What is the explanation for these common stroke statistics?

1 answer | Last updated: Sep 14, 2017
A fellow caregiver asked...

After a stroke (not full blown), they say 1 out of 12 will have another stroke and 1 out of 4 will die. They don't say "if you don't get your blood pressure under control" or for whatever reason. What exactly does this mean?

Expert Answers

James Castle, M.D. is a neurologist at NorthShore University HealthSystem (affiliated with The University of Chicago) and an expert on strokes.

Many of the stroke statistics commonly quoted in the literature, in my opinion, are somewhat outdated. In particular, the mortality rates are always changing, have much to do with the type and severity of the stroke, and the hospital setting in which the stroke was treated.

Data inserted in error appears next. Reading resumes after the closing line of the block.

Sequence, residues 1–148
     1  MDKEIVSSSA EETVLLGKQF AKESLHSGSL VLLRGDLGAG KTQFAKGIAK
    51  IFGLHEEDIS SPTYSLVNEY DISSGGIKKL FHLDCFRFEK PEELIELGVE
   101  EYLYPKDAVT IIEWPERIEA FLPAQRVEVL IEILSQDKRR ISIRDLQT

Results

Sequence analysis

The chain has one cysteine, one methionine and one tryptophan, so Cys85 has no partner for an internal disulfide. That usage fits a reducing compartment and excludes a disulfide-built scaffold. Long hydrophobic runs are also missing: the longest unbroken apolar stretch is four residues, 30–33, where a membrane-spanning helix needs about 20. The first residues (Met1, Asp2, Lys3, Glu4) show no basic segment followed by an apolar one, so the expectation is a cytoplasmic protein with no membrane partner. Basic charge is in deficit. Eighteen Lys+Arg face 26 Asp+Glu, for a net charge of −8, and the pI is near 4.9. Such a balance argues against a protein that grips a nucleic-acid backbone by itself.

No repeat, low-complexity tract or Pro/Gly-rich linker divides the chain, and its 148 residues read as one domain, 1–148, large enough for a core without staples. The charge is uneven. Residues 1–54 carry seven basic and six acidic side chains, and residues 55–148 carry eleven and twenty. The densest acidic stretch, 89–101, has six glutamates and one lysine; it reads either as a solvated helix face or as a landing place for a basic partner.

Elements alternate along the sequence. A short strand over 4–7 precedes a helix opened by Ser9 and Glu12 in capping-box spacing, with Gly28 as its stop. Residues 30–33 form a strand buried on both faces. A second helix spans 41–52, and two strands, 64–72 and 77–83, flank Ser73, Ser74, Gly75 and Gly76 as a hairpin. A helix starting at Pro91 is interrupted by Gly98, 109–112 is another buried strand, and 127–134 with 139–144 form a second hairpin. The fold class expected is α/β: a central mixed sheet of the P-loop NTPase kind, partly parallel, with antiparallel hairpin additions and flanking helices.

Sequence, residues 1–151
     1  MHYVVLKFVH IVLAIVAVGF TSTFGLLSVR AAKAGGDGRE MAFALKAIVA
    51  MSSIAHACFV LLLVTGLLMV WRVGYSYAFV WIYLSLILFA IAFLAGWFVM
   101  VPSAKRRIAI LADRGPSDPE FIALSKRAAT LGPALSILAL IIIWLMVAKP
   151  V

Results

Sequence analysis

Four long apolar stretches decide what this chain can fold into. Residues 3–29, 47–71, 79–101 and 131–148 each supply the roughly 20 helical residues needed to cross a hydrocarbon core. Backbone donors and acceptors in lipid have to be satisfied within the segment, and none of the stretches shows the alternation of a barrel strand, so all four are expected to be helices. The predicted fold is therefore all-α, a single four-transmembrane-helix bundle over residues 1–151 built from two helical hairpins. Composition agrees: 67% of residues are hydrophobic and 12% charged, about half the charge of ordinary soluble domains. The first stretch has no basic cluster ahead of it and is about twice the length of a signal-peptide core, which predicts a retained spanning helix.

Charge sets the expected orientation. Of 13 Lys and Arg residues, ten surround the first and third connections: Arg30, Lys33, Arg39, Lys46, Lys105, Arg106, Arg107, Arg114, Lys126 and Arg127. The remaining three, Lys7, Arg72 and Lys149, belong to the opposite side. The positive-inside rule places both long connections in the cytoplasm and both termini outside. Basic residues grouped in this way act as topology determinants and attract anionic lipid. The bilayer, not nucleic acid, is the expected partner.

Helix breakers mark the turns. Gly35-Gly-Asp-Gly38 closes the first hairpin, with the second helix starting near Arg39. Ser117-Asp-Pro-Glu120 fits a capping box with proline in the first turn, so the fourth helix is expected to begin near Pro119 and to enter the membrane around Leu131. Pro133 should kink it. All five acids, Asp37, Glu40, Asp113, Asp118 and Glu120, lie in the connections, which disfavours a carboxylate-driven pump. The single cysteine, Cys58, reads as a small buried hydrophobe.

With regards to the recurrent stroke risk, as a general rule of thumb (for the average stroke patient, which of course is not true of all individuals) about 5% of all stroke victims would suffer a second stroke within a year if they took no medication and did not follow their doctor's advice. Each class of treatment added on (blood thinner, blood pressure management, cholesterol management, smoking cessation, etc.) lowers that risk signficantly. Therefore, someone who is fully compliant with their doctor's recommendations should have a much lower stroke rate than the historical data sets that are typically quoted. And, of course, strokes come in "all shapes and sizes", and generalizations are very difficult to make.

I hope this helps.